There’s a new movement afoot when it comes to men’s barbering. It’s not quite a trend yet, but it’s coming. American Crew founder David Raccuglia calls it an anti-barbering movement. “We’ve been in this aggressively faded and intensely groomed period,” says Creative Director Paul Wilson, “but David and I have been having these anti-barbering conversations, which led us to this whole Americana vibe, and that’s what this shoot is all about.” According to Wilson, we’re starting to move away from hair that’s so meticulously groomed. “We’re growing hair out a bit and seeing a more textural finish in certain cases,” says Wilson, who also sees a sideburn story emerging as well. “The idea is to use facial hair in interesting ways to accent a guy’s features.”
Pomp & Circumstance
While this look is a nod to the classic pompadour, especially the longer length, it doesn’t have an overly groomed quality to it. Creative Director Paul Wilson worked some American Crew Alternator Flexible Styling and Finishing Spray into the hair before blow-drying, using his fingers instead of a brush to style. When the hair was dry, he went in with some American Crew Forming Cream to provide medium hold and shine.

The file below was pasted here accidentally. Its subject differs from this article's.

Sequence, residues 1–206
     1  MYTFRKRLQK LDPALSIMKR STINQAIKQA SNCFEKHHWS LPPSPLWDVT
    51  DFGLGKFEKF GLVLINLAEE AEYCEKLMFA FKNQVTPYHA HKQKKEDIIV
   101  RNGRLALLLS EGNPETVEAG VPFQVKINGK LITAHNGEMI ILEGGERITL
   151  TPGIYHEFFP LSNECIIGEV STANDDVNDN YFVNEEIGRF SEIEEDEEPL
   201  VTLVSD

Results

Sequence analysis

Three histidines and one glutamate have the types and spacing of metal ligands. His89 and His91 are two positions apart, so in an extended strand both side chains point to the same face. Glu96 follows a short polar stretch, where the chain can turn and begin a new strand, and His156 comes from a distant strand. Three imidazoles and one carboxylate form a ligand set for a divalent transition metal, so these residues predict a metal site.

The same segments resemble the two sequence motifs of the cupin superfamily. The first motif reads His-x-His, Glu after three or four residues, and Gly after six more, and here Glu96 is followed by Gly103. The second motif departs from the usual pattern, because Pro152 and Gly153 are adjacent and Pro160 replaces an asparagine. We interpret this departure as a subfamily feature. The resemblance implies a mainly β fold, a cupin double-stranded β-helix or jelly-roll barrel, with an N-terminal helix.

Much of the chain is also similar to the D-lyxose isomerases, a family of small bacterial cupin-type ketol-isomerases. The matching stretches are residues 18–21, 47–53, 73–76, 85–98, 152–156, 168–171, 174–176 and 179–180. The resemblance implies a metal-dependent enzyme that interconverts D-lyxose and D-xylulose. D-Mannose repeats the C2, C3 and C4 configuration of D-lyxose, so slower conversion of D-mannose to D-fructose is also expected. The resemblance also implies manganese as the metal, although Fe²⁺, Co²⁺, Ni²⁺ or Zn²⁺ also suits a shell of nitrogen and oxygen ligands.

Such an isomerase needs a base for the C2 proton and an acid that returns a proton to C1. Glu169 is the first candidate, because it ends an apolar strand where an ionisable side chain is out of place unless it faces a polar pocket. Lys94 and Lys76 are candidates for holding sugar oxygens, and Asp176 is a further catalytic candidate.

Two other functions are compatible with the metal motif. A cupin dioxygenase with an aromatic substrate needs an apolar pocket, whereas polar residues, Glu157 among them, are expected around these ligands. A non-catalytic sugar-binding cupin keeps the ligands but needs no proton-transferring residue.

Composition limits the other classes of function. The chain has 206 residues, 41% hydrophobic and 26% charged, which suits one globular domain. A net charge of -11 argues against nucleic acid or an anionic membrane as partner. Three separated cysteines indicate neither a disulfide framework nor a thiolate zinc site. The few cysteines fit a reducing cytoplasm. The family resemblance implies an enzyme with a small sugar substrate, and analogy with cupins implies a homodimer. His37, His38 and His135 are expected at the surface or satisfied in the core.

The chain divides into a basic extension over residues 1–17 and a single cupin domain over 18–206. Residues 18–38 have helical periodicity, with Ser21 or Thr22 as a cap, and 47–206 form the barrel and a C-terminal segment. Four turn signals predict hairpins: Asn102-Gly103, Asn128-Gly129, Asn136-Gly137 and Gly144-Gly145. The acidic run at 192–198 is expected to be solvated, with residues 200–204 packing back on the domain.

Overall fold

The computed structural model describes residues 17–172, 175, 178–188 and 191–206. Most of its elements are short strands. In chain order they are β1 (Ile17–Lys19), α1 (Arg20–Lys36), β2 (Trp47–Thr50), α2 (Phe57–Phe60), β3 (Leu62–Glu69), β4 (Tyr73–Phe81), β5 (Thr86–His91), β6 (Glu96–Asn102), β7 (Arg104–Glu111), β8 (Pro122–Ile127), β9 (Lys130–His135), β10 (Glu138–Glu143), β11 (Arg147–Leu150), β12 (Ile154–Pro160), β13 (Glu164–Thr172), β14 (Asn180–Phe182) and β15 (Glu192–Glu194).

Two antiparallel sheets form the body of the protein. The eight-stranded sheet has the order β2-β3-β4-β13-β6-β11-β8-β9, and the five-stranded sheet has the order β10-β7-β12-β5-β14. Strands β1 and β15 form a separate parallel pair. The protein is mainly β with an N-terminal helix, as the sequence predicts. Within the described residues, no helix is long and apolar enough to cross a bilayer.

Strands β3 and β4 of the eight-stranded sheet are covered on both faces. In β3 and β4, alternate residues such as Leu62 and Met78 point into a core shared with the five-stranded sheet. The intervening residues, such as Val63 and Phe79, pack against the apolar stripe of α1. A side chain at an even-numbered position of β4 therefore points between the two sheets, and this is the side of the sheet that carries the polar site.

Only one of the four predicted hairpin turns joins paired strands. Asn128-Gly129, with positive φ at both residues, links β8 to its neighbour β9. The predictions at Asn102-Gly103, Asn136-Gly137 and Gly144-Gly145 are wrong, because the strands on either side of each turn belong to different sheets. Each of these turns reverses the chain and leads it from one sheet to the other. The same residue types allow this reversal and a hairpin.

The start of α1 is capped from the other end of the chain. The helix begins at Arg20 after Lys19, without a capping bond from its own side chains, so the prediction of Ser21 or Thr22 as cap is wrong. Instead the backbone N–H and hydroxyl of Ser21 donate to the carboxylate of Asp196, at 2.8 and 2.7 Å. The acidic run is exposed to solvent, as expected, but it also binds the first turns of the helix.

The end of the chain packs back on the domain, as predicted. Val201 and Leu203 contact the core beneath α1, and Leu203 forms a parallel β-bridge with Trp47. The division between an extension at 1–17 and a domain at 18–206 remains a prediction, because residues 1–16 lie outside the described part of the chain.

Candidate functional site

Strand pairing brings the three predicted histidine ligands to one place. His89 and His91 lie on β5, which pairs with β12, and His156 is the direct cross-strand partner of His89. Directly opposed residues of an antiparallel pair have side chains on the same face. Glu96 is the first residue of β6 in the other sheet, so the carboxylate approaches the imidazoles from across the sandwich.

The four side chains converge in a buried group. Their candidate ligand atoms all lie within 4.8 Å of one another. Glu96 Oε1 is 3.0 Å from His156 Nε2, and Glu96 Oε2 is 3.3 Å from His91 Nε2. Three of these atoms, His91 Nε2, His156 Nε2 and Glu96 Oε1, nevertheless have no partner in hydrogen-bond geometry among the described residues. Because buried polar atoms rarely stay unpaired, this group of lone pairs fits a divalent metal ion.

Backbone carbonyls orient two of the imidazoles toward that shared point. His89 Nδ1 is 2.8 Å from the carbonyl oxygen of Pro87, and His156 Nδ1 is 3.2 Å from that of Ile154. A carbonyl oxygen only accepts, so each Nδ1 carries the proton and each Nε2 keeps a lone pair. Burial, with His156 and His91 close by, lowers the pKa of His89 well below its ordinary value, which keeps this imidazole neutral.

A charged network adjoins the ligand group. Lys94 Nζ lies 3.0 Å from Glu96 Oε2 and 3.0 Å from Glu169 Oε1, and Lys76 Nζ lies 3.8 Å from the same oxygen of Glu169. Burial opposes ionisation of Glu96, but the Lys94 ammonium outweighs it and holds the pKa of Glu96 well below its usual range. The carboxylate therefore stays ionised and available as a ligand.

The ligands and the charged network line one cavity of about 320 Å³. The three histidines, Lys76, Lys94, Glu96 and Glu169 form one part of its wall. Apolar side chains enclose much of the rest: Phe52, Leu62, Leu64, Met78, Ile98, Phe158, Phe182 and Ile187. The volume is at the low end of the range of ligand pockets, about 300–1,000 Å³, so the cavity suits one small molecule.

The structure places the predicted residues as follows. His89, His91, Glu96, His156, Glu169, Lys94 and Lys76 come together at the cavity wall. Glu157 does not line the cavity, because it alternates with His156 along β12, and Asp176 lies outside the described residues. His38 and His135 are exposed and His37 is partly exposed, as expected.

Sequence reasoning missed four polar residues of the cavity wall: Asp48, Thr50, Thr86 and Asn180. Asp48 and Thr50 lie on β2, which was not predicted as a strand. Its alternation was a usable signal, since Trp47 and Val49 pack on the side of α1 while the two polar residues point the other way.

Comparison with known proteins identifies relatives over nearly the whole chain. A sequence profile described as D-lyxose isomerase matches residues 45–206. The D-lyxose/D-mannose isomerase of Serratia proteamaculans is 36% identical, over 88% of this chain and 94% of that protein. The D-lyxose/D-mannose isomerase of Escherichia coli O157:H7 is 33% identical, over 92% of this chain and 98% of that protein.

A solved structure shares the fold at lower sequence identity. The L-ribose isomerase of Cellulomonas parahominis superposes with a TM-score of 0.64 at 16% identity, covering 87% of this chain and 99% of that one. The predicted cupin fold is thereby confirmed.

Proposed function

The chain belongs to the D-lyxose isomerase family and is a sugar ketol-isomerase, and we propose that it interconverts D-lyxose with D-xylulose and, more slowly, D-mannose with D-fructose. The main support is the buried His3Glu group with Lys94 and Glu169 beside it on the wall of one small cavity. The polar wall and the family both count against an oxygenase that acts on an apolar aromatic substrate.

Lean & Mean
This look moves into a leaner profile and cleaner perimeter. “We’re still sort of honoring the idea of the pompadour, but again you see a loose finish,” says Wilson, who used American Crew Liquid Wax as his foundation product, blow-drying the hair with a Mason Pearson brush and alternating direction, moving the hair from one side to the other and letting the style develop. Once the hair was dry, Wilson worked a bit of American Crew Pomade into the hair with his hands to add a hint of shine.
“This guy had really cool texture,” says Wilson, who didn’t want to compromise that loose, wavy quality. To accent his facial features, Wilson carved in a long, wide sideburn that comes in right under the cheekbone. Working American Crew Flexible Styling and Finishing Spray into the hair before loosely blow-drying it with his fingers to enhance the texture. Then, to give the hair some grit and support, he applied American Crew Boost Powder, which is essentially a dry shampoo.
“This guy is a fusion of exactly what’s happening with the global barbering movement where fades rule,” says Wilson. “He had an aggressive fade going so we worked with that, defining the part and razoring the interior for texture and support.” Before blow-drying, Wilson applied American Crew Grooming Cream and used a comb to style the hair.
Four guys cruising the streets of Miami’s Wynwood Art District in a vintage Cadillac convertible—that was the concept for an American Crew photo shoot that pays homage to the ultimate style icon, Elvis Presley.
“David and I have been having these anti-barbering conversations, which led us to this whole Americana vibe, and that’s what this shoot is all about.” Paul Wilson
“ We’re growing hair out a bit and seeing a more textural finish in certain cases,” says Wilson, who also sees a sideburn story emerging as well. “The idea is to use facial hair in interesting ways to accent a guy’s features.”